National conference in Ukraine identifies way forward to eliminate measles and rubella


Participants of national conference on measles and rubella elimination, Kyiv, Ukraine, 21-22 February 2017

Ukraine is among only 14 countries in the WHO European Region where measles and rubella remain endemic. With WHO support, health authorities in the country organized a national conference on measles and rubella elimination on 21–22 February 2017 in Kyiv. Aiming to review control efforts in Ukraine within the context of the regional measles and rubella elimination goal established in the European Vaccine Action Plan 2015–2020, the conference brought together the leadership of the Ministry of Health, representatives of the National Medical University, national experts on public health and immunization, specialists from the country’s regions and experts from WHO/Europe.

The participants expressed concern about countrywide gaps in immunization, disease surveillance and reporting. In 2015 Ukraine reported only 56% coverage with the first dose of measles, mumps and rubella (MMR) vaccine and 57% with the required second dose. The country has also faced problems in implementing surveillance for measles, rubella and congenital rubella syndrome, including suboptimal case detection, low laboratory investigation rates and no genotyping in 2015. During the conference participants were encouraged to start work on key national documents, including a comprehensive national action plan for measles/rubella elimination, and to prepare the annual status update on measles and rubella for 2016. This status update should be submitted by every Member State in the European Region to the Regional Verification Commission for Measles and Rubella Elimination, which assesses national and regional progress towards the elimination goal. Requirements for the elimination verification process were discussed and detailed recommendations for immediate government action were developed.

Every child should be immunized

WHO/Europe places a high priority on eliminating measles and rubella in all Member States by vaccinating children with quality-assured and effective vaccines. “We should use all opportunities to make sure that every child in Ukraine is fully immunized,” said Dr Marthe Everard, WHO Representative in the WHO Country Office in Ukraine. “Over 30 countries in the European Region have managed to interrupt endemic transmission of measles in a short period of time, so we know this can be done. WHO encourages Ukraine to undertake immediate activities for the elimination of these diseases.”

Dr Robb Butler, Programme Manager of WHO/Europe’s vaccine-preventable diseases programme, underlined the urgency of this call to action: “Whilst we have seen steady progress over the past year in terms of Ukraine’s procurement of vaccines, this now needs to translate into higher vaccination coverage rates across the country and the closure of immunity gaps that continue to place the population at threat of serious vaccine-preventable diseases. The national conference aims to brief Ukrainian authorities and stakeholders on the status of measles and rubella elimination and enable them to consider what steps are needed to improve the immunization and surveillance response, so that Ukraine can interrupt transmission of these diseases and set the course towards elimination.”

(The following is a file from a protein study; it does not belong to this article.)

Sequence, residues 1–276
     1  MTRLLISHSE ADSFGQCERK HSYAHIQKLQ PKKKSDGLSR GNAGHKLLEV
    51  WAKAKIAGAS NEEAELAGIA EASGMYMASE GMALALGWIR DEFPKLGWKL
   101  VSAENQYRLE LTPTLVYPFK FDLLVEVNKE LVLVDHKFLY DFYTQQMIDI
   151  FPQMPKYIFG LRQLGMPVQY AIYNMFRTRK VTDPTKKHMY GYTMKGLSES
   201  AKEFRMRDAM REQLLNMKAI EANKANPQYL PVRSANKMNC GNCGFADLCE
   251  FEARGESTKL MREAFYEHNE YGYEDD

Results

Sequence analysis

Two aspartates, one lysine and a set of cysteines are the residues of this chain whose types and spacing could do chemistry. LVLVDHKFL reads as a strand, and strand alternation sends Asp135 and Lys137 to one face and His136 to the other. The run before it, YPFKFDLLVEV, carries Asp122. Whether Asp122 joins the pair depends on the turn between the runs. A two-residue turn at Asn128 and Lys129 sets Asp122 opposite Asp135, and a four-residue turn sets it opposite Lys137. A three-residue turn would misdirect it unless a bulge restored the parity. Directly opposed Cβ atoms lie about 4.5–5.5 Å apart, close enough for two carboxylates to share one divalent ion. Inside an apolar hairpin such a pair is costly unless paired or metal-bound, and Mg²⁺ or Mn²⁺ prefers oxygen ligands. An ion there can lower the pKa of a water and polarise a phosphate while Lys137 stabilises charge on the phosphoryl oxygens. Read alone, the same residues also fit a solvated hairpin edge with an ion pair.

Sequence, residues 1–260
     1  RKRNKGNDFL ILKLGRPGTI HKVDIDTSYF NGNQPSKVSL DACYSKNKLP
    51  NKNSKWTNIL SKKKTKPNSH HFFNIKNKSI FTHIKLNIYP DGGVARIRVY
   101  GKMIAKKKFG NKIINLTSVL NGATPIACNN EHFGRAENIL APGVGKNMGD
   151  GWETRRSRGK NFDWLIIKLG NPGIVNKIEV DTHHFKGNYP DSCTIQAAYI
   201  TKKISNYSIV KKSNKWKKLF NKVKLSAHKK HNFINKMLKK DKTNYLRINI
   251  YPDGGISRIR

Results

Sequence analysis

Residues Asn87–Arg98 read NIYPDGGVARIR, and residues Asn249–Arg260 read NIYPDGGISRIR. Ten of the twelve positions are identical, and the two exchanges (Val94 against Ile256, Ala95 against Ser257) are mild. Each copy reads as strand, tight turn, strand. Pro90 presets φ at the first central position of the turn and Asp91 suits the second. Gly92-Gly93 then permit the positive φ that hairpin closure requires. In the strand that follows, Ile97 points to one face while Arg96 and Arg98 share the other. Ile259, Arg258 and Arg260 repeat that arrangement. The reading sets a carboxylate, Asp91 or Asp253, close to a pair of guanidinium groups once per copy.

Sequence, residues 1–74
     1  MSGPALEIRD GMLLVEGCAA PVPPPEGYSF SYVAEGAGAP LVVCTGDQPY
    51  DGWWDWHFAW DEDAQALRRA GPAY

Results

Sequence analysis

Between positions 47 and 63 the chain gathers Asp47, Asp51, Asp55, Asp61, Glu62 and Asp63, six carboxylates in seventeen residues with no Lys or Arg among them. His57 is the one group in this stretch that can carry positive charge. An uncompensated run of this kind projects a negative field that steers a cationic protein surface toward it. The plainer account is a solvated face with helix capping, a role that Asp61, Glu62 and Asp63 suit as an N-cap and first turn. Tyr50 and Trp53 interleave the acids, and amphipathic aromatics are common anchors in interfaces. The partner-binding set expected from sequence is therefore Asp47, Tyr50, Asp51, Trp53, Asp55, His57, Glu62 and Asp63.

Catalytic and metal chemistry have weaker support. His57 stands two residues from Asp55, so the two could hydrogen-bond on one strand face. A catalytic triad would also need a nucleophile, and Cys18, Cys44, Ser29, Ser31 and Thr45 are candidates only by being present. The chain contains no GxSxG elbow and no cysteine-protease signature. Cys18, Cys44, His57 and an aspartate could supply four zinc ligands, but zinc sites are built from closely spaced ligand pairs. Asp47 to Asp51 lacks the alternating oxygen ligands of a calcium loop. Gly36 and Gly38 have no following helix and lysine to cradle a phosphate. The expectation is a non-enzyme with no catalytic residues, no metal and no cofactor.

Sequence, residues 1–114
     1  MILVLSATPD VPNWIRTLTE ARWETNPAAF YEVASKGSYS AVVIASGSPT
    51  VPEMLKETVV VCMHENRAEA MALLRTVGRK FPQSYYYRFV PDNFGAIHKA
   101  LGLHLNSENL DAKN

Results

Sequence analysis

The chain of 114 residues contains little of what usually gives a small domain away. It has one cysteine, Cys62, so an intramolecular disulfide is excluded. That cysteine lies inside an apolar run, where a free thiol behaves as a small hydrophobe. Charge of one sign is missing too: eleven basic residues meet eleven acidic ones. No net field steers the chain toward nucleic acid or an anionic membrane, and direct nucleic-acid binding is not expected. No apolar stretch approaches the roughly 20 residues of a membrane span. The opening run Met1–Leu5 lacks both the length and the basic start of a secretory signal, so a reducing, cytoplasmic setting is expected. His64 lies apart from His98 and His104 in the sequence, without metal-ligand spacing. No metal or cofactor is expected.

Strengthening health system governance

In the context of ongoing health care reform in Ukraine, WHO support focuses on the development of national and subnational capacities and strengthening of the independent national immunization technical advisory group, to ensure that the Ukrainian government receives reliable evidence-based recommendations.

Critical review of data collection practices

National and subnational stakeholders also discussed the best approach to collect data in support of evidence-based decision-making related to immunization. In particular, the current practice of conducting routine serological surveys was discussed. Based on cost–effectiveness and methodological considerations, as well as the low vaccine coverage rates in the country, it was agreed that emphasis should instead be placed on disease surveillance and the introduction of case-based surveillance for rubella and congenital rubella syndrome.

A special session was also organized to bring together the National Verification Committee for Measles and Rubella Elimination, the National Certification Commission for Polio Eradication and WHO to discuss immunization challenges and agree on next steps.


Recommendations from the national conference will be communicated by the National Verification Committee to the Ministry of Health, along with a request for high-level support for finalization and approval of the national action plan.